Aston Villa and the work in hand

Villa lose at Newcastle with Dave Woodhall clutching at straws.

Sometimes you can say that a team selection is brave, in the Yes Minister sense of the word. The unchanged side Aaron Danks put out at Newcastle was brave in the best sense of the word, and understandable. They did well in the last match, Danks’ career didn’t depend on getting a result, so may as well build on the feelgood factor that result against Brentford and Unai Emery’s imminent arrival had begun. That was the theory, anyway.

It might have been the same team that started against Brentford but they still played like eleven strangers. Newcastle dominated the first half and could have had the game wrapped up by the time they got their first goal. Villa were unlucky to concede a penalty in similar circumstances for the second time in three games when the ball hit a defender’s arm, but there could be no complaints about the half-time scoreline, which would have been even worse had a Newcastle second not been disallowed for offside.

By this time Emiliano Martinez had been replaced by Robin Olsen following an accidental boot to the head courtesy of Tyrone Mings. The Villa keeper returned to the match but had to go off ten minutes later and it has to be asked why he was allowed to continue after the initial collision.

Olsen couldn’t be faulted for Newcastle’s first half goal, but he could certainly have done better during the onslaught that scored after the break. You could argue that he was in the wrong place for Newcastle’s second and should certainly have done better when spilling the shot that led to their third. That being the case, he was no worse than any other Villa player on display, particularly during the shameful capitulation which saw the home side score three times in eleven minutes.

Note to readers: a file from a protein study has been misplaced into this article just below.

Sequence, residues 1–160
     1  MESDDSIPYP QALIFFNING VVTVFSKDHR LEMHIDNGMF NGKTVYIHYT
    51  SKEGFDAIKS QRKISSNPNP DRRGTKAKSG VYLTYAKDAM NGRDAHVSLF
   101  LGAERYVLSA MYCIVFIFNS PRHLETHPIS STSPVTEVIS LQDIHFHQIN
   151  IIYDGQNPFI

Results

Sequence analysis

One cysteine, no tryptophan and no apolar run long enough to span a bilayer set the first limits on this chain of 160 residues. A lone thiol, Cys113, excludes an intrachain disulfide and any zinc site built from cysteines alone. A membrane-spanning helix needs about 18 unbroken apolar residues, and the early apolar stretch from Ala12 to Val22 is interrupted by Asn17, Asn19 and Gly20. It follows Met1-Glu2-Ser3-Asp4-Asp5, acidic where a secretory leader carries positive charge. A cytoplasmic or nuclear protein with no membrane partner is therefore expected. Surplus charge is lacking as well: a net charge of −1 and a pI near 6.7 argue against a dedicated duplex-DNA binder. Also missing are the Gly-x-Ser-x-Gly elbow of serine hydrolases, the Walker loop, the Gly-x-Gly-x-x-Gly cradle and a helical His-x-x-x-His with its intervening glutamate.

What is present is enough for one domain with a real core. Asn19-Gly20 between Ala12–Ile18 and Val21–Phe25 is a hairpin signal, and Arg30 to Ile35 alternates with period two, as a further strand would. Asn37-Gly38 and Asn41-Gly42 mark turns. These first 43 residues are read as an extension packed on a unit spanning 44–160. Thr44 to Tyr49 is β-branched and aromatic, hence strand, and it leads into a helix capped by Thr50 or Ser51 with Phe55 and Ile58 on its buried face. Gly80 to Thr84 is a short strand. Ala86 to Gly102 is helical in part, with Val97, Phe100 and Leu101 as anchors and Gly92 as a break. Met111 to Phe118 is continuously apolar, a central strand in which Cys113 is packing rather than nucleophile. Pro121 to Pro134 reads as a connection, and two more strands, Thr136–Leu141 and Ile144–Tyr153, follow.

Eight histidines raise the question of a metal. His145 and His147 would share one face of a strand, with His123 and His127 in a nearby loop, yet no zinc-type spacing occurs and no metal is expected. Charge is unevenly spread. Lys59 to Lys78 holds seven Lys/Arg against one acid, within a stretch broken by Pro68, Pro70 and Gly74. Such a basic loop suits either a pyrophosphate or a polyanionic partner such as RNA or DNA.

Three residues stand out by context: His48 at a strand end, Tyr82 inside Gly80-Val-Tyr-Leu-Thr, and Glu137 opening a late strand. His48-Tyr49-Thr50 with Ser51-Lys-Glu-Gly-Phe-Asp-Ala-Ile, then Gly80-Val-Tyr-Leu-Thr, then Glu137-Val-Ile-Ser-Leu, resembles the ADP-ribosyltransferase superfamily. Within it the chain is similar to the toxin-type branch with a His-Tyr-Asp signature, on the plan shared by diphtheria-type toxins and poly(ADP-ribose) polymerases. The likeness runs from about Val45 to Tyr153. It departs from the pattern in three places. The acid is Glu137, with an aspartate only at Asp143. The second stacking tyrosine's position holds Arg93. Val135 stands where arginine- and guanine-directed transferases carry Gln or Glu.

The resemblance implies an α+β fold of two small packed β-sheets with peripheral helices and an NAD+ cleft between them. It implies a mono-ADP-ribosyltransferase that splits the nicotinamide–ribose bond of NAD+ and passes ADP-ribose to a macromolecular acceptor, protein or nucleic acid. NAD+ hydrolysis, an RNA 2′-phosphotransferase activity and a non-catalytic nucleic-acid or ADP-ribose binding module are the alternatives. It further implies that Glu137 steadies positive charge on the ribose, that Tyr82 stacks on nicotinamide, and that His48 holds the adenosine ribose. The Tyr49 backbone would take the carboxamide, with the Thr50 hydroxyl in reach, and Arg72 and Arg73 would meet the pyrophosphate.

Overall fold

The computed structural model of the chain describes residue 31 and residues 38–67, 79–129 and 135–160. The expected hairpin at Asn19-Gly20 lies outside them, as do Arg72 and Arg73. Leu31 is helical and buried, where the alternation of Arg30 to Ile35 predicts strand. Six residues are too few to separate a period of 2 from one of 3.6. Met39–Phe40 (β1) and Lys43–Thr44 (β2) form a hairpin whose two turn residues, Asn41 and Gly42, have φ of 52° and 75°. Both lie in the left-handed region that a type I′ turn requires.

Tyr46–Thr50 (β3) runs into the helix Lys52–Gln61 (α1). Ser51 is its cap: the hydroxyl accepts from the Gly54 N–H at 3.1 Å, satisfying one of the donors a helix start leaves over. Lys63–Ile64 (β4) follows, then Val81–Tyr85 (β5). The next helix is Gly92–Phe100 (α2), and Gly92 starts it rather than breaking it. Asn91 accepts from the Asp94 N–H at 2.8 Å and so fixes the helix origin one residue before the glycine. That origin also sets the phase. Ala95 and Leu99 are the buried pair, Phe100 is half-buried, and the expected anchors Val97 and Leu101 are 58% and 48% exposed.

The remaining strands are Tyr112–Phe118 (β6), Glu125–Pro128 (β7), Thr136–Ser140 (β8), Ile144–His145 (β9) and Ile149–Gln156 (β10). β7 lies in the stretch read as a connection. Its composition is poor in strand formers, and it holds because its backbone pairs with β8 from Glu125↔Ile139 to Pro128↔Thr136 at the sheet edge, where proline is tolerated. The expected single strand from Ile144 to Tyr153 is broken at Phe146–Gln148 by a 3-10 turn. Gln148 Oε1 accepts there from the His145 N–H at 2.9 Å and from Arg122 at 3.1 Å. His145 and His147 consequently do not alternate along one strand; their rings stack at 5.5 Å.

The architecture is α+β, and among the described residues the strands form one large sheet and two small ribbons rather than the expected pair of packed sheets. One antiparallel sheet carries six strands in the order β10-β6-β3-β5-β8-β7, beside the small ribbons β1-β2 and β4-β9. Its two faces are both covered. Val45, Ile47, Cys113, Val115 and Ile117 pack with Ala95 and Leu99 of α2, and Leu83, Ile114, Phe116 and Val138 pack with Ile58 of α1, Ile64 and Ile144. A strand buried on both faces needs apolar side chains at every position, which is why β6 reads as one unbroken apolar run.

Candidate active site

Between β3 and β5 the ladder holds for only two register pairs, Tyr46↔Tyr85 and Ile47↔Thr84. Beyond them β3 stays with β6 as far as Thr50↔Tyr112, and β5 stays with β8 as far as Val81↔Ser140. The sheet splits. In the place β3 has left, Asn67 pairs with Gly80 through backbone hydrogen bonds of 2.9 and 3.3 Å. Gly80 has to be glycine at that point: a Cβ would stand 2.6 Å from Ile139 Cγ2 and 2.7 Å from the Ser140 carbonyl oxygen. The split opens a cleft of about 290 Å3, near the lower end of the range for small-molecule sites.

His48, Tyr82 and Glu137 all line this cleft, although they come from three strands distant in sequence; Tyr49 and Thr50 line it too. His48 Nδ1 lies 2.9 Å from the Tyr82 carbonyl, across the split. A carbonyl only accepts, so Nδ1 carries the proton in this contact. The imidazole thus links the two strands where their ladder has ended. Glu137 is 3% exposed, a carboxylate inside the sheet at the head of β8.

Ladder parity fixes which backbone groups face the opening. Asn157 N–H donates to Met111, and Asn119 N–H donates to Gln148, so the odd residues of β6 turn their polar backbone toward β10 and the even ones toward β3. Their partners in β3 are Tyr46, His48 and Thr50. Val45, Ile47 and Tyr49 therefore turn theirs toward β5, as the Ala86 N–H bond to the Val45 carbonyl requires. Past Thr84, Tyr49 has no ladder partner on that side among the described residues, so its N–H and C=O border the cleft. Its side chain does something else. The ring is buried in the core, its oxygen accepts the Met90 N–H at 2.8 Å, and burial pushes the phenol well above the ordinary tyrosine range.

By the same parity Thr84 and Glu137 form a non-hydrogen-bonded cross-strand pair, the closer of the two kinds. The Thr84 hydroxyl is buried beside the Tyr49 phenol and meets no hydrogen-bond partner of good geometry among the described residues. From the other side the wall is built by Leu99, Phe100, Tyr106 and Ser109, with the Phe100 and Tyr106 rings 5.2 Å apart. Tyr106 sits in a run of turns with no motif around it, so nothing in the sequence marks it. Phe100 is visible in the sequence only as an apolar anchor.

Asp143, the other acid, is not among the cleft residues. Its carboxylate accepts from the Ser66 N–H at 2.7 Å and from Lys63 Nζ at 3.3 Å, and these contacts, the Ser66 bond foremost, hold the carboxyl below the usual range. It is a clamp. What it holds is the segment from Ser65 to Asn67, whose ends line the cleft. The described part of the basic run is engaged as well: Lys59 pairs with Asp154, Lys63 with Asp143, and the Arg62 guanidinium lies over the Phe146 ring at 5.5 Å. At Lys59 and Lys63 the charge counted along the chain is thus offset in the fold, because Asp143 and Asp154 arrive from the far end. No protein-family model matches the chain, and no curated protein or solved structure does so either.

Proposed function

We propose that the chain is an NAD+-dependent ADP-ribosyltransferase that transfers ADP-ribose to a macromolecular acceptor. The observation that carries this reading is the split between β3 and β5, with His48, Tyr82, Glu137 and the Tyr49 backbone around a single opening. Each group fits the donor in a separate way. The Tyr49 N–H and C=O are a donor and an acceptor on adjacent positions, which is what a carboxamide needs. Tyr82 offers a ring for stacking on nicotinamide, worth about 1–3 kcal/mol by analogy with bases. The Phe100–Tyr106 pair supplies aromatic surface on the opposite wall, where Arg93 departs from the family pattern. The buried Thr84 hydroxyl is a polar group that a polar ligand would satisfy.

Substitutes came on, but they may as well have stayed on the bench. The only way they might have changed the game was if the ref had taken pity on us and allowed the four they replaced to have remained on the pitch. Then again, they’d have probably got in each other’s way and gifted Newcastle another few. As it was, the woodwork saved us a couple of times and kept the scoreline down to demoralising rather then embarrassing. This was every bit as bad as anything the Villa have served up since getting back into the Premier League, and it wouldn’t have stood out in the season we were relegated.

I suppose you could give Danks a bit of credit for attempting to go out in a blaze of glory rather than keeping it tight and trying to nick a point, as the saying goes. Eight goals in two games isn’t bad for lovers of entertaining football, but for the rest of us it’s scant consolation. The only real silver lining to come out of this particular grey cloud is that Unai Emery will have been watching it and, unless he’s concentrating on trying to find a get-out clause in his contract, he’ll have no illusions as to the size of the task facing him when he starts work next week.